Jul 06


Popular58 comments • 6,524 views

#237, 9th September 1967

EngelbertAfter the write-up of “Release Me” I got several comments and emails from Engelbert fans. They ran along familiar lines: Engelbert is a superb performer, he has a remarkable voice, his fame and renown will far outlast your puny blog.

The last of these I concede without a quibble (though perhaps with an eye-roll or two). As for the others: yes, Engelbert Humperdinck has a magnificent, rich, sumptuous voice. But “The Last Waltz” is evidence that he’s not any kind of a performer.

Each verse of “The Last Waltz” carries different weight: unexpected triumph in the first – unsought loss in the second. It’s a song of bittersweet regret and hard-gained experience, that Humperdinck takes in a well-greased monotone, swooping and booming and investing nothing of himself at all. There’s no inflected difference between the verses, no emotional hooks, the performance is just an unctious slick on a torpid pool.

At the end he bellows “It’s over!” (you might reach for Roy Orbison here, but let’s spare Engelbert the embarassment). But it isn’t over, there’s a chorus of “la la la”s to take us to the finish. Tricky things, “la la la”s – nothing specific to convey, which can make them the hardest part of a performance to get right, the moment where you know for sure whether the singer’s pulled it off and got inside the mood of a song. The “la”s in “The Last Waltz” are – sadly, expectedly – a cocoon of nothing.

But what a magnificent voice!



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  1. 1
    jeff w on 5 Jul 2006 #


    Nice new look. Also I anticipate much fun from the “related articles” feature (Spiritualized?).

  2. 2
    Admin on 5 Jul 2006 #


  3. 3
    markgamon on 6 Jul 2006 #

    1 point? That seems kind…

  4. 4
    Daniel_Rf on 6 Jul 2006 #

    I’m sort of amazed that there are rabid Engelbert roxx u r all gay fans on the modern interweb!

  5. 5
    rosie on 27 Jul 2006 #

    Good heavens, I turn my back for a week and Popular is not only in lively action again but I need my Ray-Bans!

    I likes the new look!

    I have to say that a 1 flatters this ditty. It’s not stupendously awful, it’s just boringly kitsch! Never mind.

  6. 6
    Doctor Mod on 31 Jul 2006 #

    Unbearable moldy CHEESE. Urgh!

  7. 7
    Waldo on 9 Apr 2007 #

    This was actually Number One the day Radio One began. History records that the first record played was The Move’s “Flowers in the Rain”, which was Number Two and got stuck there. I think the Radio One managers, depite being fusty old geezers who were to oversee many a cock-up in the future, at least got that one right.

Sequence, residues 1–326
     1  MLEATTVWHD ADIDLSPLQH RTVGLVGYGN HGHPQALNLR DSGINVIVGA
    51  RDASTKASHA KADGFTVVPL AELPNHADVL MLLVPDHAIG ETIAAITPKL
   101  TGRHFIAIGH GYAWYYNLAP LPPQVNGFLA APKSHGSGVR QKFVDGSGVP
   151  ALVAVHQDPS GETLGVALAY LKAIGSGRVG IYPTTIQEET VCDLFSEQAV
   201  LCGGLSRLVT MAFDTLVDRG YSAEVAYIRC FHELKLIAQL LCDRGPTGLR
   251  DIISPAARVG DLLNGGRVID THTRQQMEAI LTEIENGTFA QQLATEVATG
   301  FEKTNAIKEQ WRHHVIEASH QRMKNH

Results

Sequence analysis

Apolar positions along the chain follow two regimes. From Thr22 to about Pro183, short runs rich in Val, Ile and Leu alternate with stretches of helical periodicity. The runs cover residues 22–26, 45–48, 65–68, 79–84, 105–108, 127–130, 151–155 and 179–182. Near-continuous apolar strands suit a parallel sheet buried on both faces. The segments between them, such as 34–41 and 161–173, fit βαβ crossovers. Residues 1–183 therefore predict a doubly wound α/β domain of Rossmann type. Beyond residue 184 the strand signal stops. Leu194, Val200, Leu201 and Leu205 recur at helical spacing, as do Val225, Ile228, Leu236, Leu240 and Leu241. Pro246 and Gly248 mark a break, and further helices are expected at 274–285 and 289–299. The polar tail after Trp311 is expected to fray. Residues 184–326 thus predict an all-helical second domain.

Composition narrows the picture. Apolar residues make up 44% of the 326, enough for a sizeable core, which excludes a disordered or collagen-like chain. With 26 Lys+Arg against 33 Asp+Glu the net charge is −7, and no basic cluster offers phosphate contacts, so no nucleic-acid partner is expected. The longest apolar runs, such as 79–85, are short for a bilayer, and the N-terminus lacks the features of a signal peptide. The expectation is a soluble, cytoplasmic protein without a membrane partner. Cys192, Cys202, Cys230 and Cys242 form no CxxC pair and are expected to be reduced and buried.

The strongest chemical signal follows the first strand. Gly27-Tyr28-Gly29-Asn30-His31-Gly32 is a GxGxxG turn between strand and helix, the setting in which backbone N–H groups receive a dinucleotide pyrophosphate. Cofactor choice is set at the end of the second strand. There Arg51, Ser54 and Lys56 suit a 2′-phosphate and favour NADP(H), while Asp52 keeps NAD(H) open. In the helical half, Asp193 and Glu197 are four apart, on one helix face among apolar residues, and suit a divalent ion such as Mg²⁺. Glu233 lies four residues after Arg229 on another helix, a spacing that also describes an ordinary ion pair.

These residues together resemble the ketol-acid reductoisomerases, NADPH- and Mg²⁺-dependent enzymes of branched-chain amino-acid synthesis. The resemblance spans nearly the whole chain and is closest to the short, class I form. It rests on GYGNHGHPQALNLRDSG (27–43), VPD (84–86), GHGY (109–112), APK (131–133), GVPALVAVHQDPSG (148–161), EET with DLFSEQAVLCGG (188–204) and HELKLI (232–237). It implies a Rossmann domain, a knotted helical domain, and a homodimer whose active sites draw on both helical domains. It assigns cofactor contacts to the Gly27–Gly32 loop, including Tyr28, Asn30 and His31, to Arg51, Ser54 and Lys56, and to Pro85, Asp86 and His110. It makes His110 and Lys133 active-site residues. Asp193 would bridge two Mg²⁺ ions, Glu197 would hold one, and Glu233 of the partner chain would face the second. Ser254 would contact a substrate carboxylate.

8. 8
    wichita lineman on 3 Sep 2011 #

    No.2 watch: along with a week for Flowers In The Rain…

    Two weeks for Tom Jones’ I’ll Never Fall In Love Again, a polar opposite performance of moans and squeaks over a Lonnie Donegan-penned ballad. Ploddy, lasts forever, maybe Tom and Eng should’ve swapped songs?

    Two weeks for Keith West’s Excerpt From a Teenage Opera, UK psych-pop in excelsis. Melancholy kids on the chorus, a dead grocer in the lyric, a wall-of-bouzoukis production… Gah! Denied by The Last freakin Waltz!!

  9. 9
    wichita lineman on 3 Sep 2011 #

    Was the first record played on Radio One not Theme One by George Martin? He wrote it especially for the launch after all. Tony Blackburn may have yacked all over it, but it was “a record”. Need confirmation… Punctum? Rosie?

  10. 10
    enitharmon on 3 Sep 2011 #

    Is that a trick question wichita? The canonical first record (as opposed to the R1 theme and Blackburn’s own theme) played on Radio 1 was Flowers in the Rain by the Move. I see no reason to doubt this and I almost certainly heard it though being at 7 am on a school morning I was probably deliberately trying not to be too wide awake.

  11. 11
    wichita lineman on 5 Sep 2011 #

    No, not a trick question. Theme One was written and recorded by George Martin for the launch of the station. I know Flowers In The Rain is always cited as the first record played but I’ve never heard a recording of the station’s launch ( I was two and a half, can’t remember ) and don’t trust received wisdom – eg Bo Rhap was “the first video” until everybody knew that wasn’t really the case.

  12. 12
    punctum on 5 Sep 2011 #

    Strictly speaking, the first “record” played on Radio One was “The Beefeaters” by John Dankworth, Arnold remix (i.e. Tony Blackburn’s theme tune), but the actual order of events went thusly:

    1. Robin Scott counting down to launch (“Radio 2, Radio 1, GO!”)
    2. Radio 1 jingle.
    3. Blackburn intro blether and “Beefeaters.”
    4. “Let’s away!” and straight into “Flowers In The Rain.”

  13. 13
    thefatgit on 5 Sep 2011 #

    So what was the first record played on Radio 2?

    A trivia sponge needs to know!

  14. 14
    punctum on 5 Sep 2011 #